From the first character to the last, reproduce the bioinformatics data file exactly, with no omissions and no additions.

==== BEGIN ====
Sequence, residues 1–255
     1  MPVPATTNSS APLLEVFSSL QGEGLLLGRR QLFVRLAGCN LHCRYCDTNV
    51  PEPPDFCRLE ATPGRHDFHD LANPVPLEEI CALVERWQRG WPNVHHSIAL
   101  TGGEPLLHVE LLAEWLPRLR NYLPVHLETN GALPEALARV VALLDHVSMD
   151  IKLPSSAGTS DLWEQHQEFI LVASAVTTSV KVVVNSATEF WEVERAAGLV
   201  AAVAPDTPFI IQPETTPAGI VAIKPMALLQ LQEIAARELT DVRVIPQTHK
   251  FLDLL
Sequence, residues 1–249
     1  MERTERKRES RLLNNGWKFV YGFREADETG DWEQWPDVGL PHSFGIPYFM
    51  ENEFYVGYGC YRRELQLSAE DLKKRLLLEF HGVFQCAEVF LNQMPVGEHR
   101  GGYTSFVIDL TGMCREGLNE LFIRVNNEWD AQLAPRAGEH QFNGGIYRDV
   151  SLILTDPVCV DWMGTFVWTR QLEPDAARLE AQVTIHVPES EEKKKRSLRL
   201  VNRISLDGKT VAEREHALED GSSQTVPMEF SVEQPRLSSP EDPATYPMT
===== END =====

Sequence, residues 1–255
     1  MPVPATTNSS APLLEVFSSL QGEGLLLGRR QLFVRLAGCN LHCRYCDTNV
    51  PEPPDFCRLE ATPGRHDFHD LANPVPLEEI CALVERWQRG WPNVHHSIAL
   101  TGGEPLLHVE LLAEWLPRLR NYLPVHLETN GALPEALARV VALLDHVSMD
   151  IKLPSSAGTS DLWEQHQEFI LVASAVTTSV KVVVNSATEF WEVERAAGLV
   201  AAVAPDTPFI IQPETTPAGI VAIKPMALLQ LQEIAARELT DVRVIPQTHK
   251  FLDLL
Sequence, residues 1–249
     1  MERTERKRES RLLNNGWKFV YGFREADETG DWEQWPDVGL PHSFGIPYFM
    51  ENEFYVGYGC YRRELQLSAE DLKKRLLLEF HGVFQCAEVF LNQMPVGEHR
   101  GGYTSFVIDL TGMCREGLNE LFIRVNNEWD AQLAPRAGEH QFNGGIYRDV
   151  SLILTDPVCV DWMGTFVWTR QLEPDAARLE AQVTIHVPES EEKKKRSLRL
   201  VNRISLDGKT VAEREHALED GSSQTVPMEF SVEQPRLSSP EDPATYPMT